Let’s meet etymology for the second time. Monster comes from the latin Monstrum, which is related to Monere which means to advert. It is also related to Monstrare, in French Montrer and Spanish Mostrar. The relationship of Monster with showing and adverting has to do with the fact that it is seen as a manifestation of something divine, spiritual, metaphysical, or out of this world. In this case, the Monster is seen as evidence that defies the very establishments of nature as we think we know it. That is why Freak-shows were a popular source of cruel entertainment for decades, because they incarnate the frightful desire for defining normality.
Do Monsters really exist?
You mean human or animal Monsters?
Neither one or the other, that would take us back to moral judgement. Then what?
Monsters exclusively arise from nature?
How about Monster-objects?
Imagine how they would look like?
What would be their name?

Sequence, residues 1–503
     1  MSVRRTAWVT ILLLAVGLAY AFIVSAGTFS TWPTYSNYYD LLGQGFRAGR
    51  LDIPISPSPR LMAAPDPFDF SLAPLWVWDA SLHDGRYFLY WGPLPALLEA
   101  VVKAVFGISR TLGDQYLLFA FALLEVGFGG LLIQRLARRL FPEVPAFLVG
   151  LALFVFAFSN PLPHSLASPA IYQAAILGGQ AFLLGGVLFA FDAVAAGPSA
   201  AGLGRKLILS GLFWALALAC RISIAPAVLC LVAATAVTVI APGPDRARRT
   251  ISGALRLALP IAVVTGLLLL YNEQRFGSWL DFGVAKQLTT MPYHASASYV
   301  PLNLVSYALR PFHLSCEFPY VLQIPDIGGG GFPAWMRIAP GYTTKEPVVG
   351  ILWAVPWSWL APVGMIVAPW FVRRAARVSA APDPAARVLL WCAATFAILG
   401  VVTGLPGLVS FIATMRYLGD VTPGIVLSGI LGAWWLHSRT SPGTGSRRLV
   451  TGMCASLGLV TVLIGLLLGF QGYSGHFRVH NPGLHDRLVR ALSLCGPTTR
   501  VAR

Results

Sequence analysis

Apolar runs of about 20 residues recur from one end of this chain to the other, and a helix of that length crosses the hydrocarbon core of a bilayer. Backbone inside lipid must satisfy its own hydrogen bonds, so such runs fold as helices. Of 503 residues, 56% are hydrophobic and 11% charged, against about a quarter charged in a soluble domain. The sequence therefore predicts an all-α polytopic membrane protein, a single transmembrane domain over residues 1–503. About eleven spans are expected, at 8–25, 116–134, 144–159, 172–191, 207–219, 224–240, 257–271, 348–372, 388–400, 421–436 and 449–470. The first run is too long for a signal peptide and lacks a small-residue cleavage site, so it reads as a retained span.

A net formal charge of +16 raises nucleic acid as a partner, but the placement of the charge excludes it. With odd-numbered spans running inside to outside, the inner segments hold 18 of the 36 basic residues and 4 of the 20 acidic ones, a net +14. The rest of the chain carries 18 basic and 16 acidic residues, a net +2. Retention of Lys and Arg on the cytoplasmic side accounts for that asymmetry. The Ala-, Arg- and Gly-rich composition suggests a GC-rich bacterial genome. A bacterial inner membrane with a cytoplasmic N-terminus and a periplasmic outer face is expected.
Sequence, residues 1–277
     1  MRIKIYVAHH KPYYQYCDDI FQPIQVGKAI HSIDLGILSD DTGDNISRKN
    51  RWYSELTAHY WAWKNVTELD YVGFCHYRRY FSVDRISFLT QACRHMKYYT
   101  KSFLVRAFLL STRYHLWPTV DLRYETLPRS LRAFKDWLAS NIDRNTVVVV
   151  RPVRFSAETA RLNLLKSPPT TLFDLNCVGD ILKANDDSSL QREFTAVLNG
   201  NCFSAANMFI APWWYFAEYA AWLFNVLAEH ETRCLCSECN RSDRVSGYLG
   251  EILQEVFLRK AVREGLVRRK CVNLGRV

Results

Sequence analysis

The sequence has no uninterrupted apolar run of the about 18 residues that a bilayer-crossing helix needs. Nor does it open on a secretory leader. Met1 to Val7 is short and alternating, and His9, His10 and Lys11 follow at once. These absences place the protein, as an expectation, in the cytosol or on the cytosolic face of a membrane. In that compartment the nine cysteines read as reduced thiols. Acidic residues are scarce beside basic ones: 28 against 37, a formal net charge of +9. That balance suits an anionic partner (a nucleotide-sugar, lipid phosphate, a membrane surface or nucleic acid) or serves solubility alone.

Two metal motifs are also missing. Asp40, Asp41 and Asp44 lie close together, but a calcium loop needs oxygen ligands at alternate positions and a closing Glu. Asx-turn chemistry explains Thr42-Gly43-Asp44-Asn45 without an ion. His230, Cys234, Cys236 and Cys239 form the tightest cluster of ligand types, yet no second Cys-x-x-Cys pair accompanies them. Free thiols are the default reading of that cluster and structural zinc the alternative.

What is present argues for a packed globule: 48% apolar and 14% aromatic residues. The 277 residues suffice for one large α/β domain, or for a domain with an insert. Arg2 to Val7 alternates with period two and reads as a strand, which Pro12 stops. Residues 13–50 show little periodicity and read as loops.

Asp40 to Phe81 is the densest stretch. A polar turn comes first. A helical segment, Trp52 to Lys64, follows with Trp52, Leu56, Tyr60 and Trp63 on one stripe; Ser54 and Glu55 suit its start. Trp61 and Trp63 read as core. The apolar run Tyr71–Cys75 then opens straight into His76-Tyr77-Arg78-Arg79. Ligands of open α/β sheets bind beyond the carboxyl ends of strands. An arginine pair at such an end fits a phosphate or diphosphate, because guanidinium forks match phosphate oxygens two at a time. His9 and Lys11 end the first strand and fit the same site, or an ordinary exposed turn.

What happens if we force our moral pre-sets against these Monster-objects? Can humanmade creatures get out of control?
Curiously enough, monsters in many cultures are living manifestations of objects. In Japanese folklore, for example, the Tsukumogami are household objects and tools that become alive and most of the time rebel against humans. The Kasa-obake is an umbrella that turns into a monster after reaching 100 years old. Every object
has the potential to claim life, mostly when they turn 100 years old. The reason why they rebel against humans is because they are discarded or thrown away. These objects claim life when they are useless, when they are throw out from the order of man-made things.
Can this happen outside fantasy?
How can real life monsters appear from the nature of objects?
I conceive of monster-objects as in-between this alteration of order and in their uselessness nature. The combination between parts of a chair, parts of a table and a hat would make something monstrous that could not be used anymore. In a moral sense something abominable that doesn’t serve its noble and servile means. These Monsters are formed by a new body whose only function is to remain still and tense. Their uselessness as, with the Tsukumogami, is an evidence of their livelihood. The spontaneous arousal of Monsters is a proof of their own will to escape human order. Are these Monsters immoral, decadent,vicious, etc.?
I’m not the right person to ask.
Juan Pablo Plazas, Feb 2016